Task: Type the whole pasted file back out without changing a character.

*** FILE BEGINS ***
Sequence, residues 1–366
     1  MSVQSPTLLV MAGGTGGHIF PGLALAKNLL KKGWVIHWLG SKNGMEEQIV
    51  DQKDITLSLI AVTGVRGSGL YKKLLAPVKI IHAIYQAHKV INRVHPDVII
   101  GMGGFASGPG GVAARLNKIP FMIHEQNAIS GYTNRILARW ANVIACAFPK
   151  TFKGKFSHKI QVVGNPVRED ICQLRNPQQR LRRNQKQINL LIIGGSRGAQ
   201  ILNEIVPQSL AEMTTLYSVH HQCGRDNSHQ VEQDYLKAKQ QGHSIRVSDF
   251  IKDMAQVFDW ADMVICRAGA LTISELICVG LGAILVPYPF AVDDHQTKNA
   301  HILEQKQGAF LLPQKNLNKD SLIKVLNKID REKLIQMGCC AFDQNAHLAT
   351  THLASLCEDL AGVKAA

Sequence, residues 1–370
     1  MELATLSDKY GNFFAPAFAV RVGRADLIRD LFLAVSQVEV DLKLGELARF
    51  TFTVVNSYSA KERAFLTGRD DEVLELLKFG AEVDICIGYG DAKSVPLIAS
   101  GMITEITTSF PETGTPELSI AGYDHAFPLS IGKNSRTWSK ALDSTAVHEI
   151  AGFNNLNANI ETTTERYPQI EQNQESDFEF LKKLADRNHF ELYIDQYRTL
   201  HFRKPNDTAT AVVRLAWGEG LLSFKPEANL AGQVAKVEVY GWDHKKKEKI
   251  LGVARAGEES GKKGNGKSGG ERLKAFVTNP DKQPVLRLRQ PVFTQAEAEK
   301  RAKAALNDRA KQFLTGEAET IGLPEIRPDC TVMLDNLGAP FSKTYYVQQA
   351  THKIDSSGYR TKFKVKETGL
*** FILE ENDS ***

Sequence, residues 1–366
     1  MSVQSPTLLV MAGGTGGHIF PGLALAKNLL KKGWVIHWLG SKNGMEEQIV
    51  DQKDITLSLI AVTGVRGSGL YKKLLAPVKI IHAIYQAHKV INRVHPDVII
   101  GMGGFASGPG GVAARLNKIP FMIHEQNAIS GYTNRILARW ANVIACAFPK
   151  TFKGKFSHKI QVVGNPVRED ICQLRNPQQR LRRNQKQINL LIIGGSRGAQ
   201  ILNEIVPQSL AEMTTLYSVH HQCGRDNSHQ VEQDYLKAKQ QGHSIRVSDF
   251  IKDMAQVFDW ADMVICRAGA LTISELICVG LGAILVPYPF AVDDHQTKNA
   301  HILEQKQGAF LLPQKNLNKD SLIKVLNKID REKLIQMGCC AFDQNAHLAT
   351  THLASLCEDL AGVKAA

Sequence, residues 1–370
     1  MELATLSDKY GNFFAPAFAV RVGRADLIRD LFLAVSQVEV DLKLGELARF
    51  TFTVVNSYSA KERAFLTGRD DEVLELLKFG AEVDICIGYG DAKSVPLIAS
   101  GMITEITTSF PETGTPELSI AGYDHAFPLS IGKNSRTWSK ALDSTAVHEI
   151  AGFNNLNANI ETTTERYPQI EQNQESDFEF LKKLADRNHF ELYIDQYRTL
   201  HFRKPNDTAT AVVRLAWGEG LLSFKPEANL AGQVAKVEVY GWDHKKKEKI
   251  LGVARAGEES GKKGNGKSGG ERLKAFVTNP DKQPVLRLRQ PVFTQAEAEK
   301  RAKAALNDRA KQFLTGEAET IGLPEIRPDC TVMLDNLGAP FSKTYYVQQA
   351  THKIDSSGYR TKFKVKETGL